Ever given the radio much thought? To be honest, I haven’t. Sure, we have all heard of the “golden age of radio,” but now it’s just the standard device in all vehicles that give us something to do while driving. Or to turn on while we have company over to our house to fill the space with pleasant music. It’s nothing fascinating or new. It’s just, well, there.
Susan Douglas, author of Listening In: Radio and the American Imagination, reminds us of a time when the radio was indeed new and “miraculous.” The first chapter “The Zen of Listening” introduces the power of the radio by exploring the auditory experience. Obviously, we rely on sight a great deal. We live in a very visual culture, where “seeing is believing.” If something can be seen, we are assured of its existence, its tangibility. We can go back and point to it as proof.
Our auditory sense is much more instinctive. Sounds come to us and demand to be interpreted; we can shut our eyes, but not our ears. Often, sounds are able to evoke a deeper and more emotional (even primal, Douglas argues) response from us than what we see. Sudden sounds like a glass shattering or piercing scream move us to immediate action or reaction, and soothing sounds can likewise help us settle and relax. Sounds are also deeply connected to memories. A certain song or type of music can evoke a strong feeling, a clear memory, or even vivid image of something past.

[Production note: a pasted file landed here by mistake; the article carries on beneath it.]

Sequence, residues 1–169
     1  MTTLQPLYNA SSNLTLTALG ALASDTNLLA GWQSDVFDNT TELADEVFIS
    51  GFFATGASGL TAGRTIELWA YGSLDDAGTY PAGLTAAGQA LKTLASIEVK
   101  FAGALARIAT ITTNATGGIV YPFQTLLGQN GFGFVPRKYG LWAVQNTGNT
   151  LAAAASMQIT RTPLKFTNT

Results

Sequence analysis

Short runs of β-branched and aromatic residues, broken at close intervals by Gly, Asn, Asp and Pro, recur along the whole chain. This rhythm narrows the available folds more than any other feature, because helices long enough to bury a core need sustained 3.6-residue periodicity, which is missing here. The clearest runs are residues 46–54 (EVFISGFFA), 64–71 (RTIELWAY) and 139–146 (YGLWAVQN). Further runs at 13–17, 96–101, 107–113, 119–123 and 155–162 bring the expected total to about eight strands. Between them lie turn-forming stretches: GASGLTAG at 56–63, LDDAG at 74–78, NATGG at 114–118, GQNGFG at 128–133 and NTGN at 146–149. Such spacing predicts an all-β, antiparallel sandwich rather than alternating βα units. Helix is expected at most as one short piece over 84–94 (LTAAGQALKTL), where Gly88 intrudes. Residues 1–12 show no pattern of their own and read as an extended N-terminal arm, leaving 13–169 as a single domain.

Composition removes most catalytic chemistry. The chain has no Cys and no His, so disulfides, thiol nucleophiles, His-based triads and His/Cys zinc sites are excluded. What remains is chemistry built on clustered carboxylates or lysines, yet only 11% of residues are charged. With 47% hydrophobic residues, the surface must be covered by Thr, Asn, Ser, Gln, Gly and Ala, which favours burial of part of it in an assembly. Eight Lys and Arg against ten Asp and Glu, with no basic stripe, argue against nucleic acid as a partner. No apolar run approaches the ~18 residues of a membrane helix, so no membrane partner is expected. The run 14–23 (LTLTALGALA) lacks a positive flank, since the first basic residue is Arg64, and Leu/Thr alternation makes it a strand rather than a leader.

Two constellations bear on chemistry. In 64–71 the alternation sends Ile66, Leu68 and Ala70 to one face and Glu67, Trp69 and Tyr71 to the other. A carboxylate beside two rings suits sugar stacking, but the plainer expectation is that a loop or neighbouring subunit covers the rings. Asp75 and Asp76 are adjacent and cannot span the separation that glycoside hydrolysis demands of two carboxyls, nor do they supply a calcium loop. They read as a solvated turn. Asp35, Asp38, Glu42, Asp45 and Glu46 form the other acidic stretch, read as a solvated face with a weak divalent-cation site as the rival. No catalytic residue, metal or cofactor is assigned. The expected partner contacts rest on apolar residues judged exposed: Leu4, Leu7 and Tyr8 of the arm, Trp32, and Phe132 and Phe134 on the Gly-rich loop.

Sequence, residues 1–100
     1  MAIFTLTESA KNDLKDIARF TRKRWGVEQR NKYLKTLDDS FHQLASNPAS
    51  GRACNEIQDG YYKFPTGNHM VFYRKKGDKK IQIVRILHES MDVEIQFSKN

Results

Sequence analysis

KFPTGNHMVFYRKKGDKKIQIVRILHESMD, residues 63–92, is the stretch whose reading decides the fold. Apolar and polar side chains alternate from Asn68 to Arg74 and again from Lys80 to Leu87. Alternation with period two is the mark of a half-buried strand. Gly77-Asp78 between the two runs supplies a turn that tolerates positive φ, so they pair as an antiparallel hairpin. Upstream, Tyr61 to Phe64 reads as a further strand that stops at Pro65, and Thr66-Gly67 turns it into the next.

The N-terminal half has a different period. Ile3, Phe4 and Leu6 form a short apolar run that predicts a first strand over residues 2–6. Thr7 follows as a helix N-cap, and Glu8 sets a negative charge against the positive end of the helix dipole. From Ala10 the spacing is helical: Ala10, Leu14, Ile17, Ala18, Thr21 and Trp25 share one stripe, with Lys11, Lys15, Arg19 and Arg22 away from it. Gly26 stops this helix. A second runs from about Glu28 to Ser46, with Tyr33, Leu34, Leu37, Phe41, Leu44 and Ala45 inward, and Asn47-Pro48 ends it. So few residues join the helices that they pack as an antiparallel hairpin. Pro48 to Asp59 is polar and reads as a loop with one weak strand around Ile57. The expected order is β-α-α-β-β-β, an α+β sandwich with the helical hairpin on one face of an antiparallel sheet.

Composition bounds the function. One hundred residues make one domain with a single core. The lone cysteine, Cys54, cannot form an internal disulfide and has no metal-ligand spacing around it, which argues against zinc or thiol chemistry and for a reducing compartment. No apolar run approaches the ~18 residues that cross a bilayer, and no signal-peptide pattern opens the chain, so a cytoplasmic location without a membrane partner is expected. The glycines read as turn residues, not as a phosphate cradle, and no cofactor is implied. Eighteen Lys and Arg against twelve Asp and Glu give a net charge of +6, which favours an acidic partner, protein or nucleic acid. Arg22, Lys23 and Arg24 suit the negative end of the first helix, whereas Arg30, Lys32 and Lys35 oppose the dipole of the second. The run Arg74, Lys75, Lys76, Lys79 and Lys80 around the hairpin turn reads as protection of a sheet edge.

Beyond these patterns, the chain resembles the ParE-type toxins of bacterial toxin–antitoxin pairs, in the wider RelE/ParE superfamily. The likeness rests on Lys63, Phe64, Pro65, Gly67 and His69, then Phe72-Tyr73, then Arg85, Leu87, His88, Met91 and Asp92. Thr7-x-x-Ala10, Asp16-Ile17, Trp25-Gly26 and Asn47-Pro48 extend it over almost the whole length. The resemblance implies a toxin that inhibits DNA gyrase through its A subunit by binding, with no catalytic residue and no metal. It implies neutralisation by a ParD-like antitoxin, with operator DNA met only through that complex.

Not only do sounds have the ability to evoke strong feelings, but active listening is a way by which the imagination can be exercised. When listening to a story that is being aired on the radio, the mind is able to create the world of the story within itself. The mind is engaged by remembering the placement and relationships of people and objects within the three-dimensional world that is being described. All of this is lost when the same story is viewed on television or in a film, where the images are already provided. In these mediums, the mind is restricted much more.
These aspects of the auditory give the radio much of its power, Douglas points out, as well as allowed for its initial popularity for decades. A sense of nostalgia began to surround the radio as time passed. People fondly remembered their youth when their favorite song came on, or recalled how the family had gathered around the radio and listened to the programs and news reports together for the entire evening. And while the radio may not specifically do these things for some of us, the many sounds that we hear do cause us to feel acutely than what we see. So, close your eyes and open your ears. Actively listen and allow yourself to be carried away, either on waves of emotion or to another space and time. Remember, seeing is not always believing.